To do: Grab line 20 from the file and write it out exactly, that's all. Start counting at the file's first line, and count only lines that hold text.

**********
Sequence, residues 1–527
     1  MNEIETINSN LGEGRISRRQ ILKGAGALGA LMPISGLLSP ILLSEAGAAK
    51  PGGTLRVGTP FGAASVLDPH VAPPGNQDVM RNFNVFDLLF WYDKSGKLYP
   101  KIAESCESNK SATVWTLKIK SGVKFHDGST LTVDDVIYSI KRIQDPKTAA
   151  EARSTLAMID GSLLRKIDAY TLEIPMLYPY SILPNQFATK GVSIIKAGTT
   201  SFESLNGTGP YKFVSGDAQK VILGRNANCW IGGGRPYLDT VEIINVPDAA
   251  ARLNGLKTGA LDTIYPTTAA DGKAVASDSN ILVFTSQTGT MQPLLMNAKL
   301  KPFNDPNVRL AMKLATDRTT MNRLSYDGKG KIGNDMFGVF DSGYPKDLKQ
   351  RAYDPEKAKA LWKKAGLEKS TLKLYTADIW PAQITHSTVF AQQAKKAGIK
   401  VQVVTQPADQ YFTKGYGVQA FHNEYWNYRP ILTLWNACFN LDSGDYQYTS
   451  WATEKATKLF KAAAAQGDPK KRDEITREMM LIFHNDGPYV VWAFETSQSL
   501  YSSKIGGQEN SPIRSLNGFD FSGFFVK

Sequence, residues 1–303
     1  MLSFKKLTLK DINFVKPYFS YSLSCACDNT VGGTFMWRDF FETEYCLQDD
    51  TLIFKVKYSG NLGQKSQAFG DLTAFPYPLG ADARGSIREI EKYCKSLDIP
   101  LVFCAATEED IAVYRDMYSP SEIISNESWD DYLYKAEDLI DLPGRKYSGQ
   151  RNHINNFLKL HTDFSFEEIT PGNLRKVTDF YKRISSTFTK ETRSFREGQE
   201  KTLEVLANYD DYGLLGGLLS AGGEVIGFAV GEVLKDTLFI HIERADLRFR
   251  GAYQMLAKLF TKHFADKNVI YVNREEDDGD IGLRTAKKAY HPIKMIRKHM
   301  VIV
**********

   301  VIV